Seven Powerful Women Who Could Be in a Clinton Cabinet
Policy + Politics

Seven Powerful Women Who Could Be in a Clinton Cabinet

REUTERS/Gary Cameron

Speculation is swirling about the possibility of Hillary Clinton choosing Elizabeth Warren, the outspoken progressive U.S. senator from Massachusetts, as her running mate (though there are reasons to believe that won’t happen).

Related: Are Warren’s Attacks on Trump a Rehearsal for Clinton’s Veep?

But even if the presumptive Democratic nominee does not pick Warren, with whom she met Friday morning after gaining her endorsement, there could be a place for Warren in a Clinton Cabinet – and for other accomplished women. 

Among the women who could find a seat at a President Clinton’s table are:

Elizabeth Warren
A darling of the far left, Warren has been a fierce critic of Wall Street and is widely considered the architect of the Consumer Financial Protection Bureau. As a former Harvard Law professor and Republican with expertise in commercial law,

 she has the credentials to be Treasury Secretary, among other positions, though the opposition from the financial community would presumably be fierce. Two black marks against her among Clintonistas: She and Hillary have had sometimes frosty relations, and she declined to back either Clinton or Bernie Sanders until it was apparent that the Vermont senator had lost.

Sheryl Sandberg
Sandberg is another woman who could be fill a number of posts. Because of her best-selling book about women empowerment, Lean In, and her very public face as the chief operating officer of Facebook, Sandberg has significant name recognition. Picking her as a running mate might be a stretch (though she could bring in bundles of cash from Silicon Valley and Corporate America for the expensive general election campaign and would be the first Jewish vice-president).  Sandberg also has Washington experience: She was chief of staff to Larry Summers when he served as Treasury Secretary under Bill Clinton. Recently, Sandberg said she wasn’t interested in being a candidate to succeed Bob Iger, CEO of Disney, where she serves on the board.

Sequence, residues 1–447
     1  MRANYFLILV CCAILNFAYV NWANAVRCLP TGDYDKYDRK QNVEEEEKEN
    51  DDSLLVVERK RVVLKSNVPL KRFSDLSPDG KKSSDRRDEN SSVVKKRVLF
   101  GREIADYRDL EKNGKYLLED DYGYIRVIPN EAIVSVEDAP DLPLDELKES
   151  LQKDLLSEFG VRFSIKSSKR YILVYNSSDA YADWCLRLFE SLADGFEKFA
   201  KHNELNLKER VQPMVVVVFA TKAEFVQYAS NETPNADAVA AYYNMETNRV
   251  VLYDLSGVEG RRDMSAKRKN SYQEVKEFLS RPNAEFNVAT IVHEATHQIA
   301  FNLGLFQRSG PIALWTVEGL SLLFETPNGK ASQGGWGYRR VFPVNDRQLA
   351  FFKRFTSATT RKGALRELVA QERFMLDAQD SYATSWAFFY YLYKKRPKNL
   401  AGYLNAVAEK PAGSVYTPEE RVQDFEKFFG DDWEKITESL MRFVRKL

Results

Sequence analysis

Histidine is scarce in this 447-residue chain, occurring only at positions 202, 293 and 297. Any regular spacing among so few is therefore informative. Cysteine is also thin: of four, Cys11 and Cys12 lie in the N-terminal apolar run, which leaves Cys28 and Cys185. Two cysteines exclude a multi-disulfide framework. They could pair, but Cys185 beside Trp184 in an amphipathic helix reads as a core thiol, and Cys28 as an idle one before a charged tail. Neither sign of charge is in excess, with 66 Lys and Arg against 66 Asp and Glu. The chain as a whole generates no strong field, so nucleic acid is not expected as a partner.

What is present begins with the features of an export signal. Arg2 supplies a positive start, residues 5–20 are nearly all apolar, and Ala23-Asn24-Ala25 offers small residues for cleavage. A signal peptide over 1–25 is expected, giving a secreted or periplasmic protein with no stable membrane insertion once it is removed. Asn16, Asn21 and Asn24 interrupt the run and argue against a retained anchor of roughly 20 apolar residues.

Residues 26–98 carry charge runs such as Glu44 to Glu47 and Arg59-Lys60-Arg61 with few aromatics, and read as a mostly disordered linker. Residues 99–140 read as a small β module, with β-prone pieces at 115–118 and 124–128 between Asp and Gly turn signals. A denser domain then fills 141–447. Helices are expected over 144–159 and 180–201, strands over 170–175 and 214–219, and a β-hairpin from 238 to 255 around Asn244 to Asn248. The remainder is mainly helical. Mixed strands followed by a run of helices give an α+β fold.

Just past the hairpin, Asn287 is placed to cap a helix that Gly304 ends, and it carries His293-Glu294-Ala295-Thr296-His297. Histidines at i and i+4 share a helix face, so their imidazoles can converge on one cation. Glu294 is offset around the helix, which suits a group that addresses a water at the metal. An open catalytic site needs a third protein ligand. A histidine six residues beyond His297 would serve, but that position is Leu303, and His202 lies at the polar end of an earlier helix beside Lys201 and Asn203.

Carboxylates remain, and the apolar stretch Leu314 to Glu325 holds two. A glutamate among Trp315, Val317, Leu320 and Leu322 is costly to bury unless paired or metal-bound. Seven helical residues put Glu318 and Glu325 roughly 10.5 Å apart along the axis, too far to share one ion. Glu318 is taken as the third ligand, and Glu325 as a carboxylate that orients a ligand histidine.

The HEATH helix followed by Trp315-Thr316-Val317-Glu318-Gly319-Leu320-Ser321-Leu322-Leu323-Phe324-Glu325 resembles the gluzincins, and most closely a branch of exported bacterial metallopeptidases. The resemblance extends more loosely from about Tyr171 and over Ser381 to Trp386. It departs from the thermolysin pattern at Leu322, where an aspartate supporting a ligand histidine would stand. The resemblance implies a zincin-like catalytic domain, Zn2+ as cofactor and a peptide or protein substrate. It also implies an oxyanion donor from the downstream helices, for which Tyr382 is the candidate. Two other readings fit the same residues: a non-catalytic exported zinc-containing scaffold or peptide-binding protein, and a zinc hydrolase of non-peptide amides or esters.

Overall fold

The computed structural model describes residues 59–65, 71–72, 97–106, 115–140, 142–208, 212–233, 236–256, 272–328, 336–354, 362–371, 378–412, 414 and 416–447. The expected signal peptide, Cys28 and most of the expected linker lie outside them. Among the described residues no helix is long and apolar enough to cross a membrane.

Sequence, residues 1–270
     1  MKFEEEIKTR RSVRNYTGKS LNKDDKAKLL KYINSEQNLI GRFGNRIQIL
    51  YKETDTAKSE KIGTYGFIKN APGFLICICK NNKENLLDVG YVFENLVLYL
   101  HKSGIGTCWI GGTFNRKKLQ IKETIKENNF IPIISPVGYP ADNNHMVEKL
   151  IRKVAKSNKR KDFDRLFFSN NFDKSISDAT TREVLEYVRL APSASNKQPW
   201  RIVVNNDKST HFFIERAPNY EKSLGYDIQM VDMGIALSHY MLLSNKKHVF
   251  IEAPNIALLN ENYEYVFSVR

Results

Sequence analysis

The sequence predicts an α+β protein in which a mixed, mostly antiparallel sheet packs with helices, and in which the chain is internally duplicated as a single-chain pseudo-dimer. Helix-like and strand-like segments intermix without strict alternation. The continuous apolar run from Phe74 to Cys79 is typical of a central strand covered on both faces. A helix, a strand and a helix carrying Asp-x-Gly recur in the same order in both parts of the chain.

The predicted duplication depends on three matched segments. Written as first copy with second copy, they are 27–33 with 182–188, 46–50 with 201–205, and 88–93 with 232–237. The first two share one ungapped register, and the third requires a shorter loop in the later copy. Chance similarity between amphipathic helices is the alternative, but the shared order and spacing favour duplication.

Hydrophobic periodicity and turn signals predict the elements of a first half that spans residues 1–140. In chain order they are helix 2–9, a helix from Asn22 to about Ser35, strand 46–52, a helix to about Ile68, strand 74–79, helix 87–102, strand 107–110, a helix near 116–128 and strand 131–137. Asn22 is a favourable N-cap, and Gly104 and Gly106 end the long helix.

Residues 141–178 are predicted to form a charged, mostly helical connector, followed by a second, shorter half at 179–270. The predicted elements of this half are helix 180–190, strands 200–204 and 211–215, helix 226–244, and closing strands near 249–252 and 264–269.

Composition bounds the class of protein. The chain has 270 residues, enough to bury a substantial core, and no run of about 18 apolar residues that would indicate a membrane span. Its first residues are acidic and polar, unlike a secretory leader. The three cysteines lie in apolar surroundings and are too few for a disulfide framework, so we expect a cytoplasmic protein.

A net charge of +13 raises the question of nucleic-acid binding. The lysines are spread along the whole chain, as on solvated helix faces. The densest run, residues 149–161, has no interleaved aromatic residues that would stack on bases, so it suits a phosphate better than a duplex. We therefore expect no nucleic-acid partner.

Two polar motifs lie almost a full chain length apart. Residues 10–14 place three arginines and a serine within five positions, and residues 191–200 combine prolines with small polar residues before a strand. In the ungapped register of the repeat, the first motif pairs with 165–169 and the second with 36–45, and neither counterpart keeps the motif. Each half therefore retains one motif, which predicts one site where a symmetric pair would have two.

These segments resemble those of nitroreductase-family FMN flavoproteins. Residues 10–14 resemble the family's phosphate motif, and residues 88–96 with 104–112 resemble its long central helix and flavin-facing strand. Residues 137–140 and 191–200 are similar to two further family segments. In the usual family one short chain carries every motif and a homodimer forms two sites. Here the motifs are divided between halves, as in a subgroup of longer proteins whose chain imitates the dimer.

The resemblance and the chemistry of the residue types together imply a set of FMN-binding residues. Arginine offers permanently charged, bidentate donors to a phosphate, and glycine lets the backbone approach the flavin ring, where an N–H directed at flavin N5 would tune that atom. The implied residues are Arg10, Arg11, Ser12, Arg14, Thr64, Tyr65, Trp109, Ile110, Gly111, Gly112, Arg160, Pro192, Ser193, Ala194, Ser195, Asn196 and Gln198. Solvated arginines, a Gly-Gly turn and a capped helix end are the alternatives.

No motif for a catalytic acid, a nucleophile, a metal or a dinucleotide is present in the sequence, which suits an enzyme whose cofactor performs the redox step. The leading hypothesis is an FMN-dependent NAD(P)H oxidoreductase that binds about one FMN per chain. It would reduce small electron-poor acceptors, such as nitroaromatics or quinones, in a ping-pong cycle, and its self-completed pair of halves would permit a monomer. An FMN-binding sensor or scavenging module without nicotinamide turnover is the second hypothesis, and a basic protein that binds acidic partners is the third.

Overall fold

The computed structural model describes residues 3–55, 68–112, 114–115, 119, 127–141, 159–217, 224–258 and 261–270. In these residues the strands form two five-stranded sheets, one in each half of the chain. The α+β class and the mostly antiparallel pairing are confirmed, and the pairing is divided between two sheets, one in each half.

Related: 18 Possible Picks for Hillary’s Vice President

Loretta Lynch
The current Attorney General is one Barack Obama appointee who might retain her job in a Clinton presidency. A Harvard Law School grad and tough former federal prosecutor appointed as U.S. Attorney for the Eastern District of New York by Bill Clinton, Lynch also served on the board of the Federal Reserve Bank of New York. Lynch is the first African-American woman AG. She might be in a tricky position, however, if the FBI refers Hillary Clinton’s email case to the Justice Dept. for prosecution: Lynch would be the one who would have to decide whether to move forward.

Amy Klobuchar
A lawyer educated at Yale and the University of Chicago, Klobuchar is a former prosecutor and second-term senator from Minnesota. Because the Democrats want to regain control of the Senate, picking a senator for a Clinton Cabinet could be risky in some cases. But Minnesota Governor Mark Dayton whom Klobuchar succeeded as senator is (like Klobuchar) a member of the Democratic-Farm-Labor Party, an affiliate of the Democratic Party, and would be expected to appoint a member of his party to replace her.  

Kirsten Gillibrand
Gillibrand, the junior senator from New York, is in a position similar to that of Klobuchar. If she moved from the Senate to a Clinton Cabinet, New York Governor Andrew Cuomo would replace her with another Democrat. And since the state hasn’t had a non-Democratic senator since Conservative Jim Buckley was elected in 1970, the seat would almost certainly remain safely Democratic in a special election to fill Klobuchar’s unexpired term. Gillibrand was herself selected to replace Hillary when Clinton was chosen as Secretary of State by Obama. She has campaigned for Clinton but is seen as considerably more moderate or even conservative on some issues. As a corporate lawyer, she represented Philip Morris in tobacco litigation.

Related: Will Clinton Follow Obama’s Legacy in Taking On Big Business?

Ursula Burns
The first African-American woman to head a Fortune 500 company, Xerox Chairman and CEO Burns will step down when the corporation splits into two companies later this year. She will become chairman of the printer-copier company that comes out of the split but is expected to leave that post in 2017. Burns is a Democrat and Clinton donor with deep experience in Corporate America beyond her work at Xerox. She clearly has the chops for Commerce Secretary, among other jobs.

Tammy Duckworth
Duckworth is a former Army pilot and an Iraqi War veteran who lost both legs when her Black Hawk helicopter was hit by a rocket-propelled grenade. An Asian-American who served as a representative from Illinois, Duckworth is running against Republican Senator Mark Kirk, who this week announced that he would not support his party’s presumptive nominee, Donald Trump. Duckworth was an assistant secretary in the Veterans Affairs Dept. in Obama’s first term. Should she lose in the race against Kirk, she could be a candidate for a position in a Clinton Cabinet.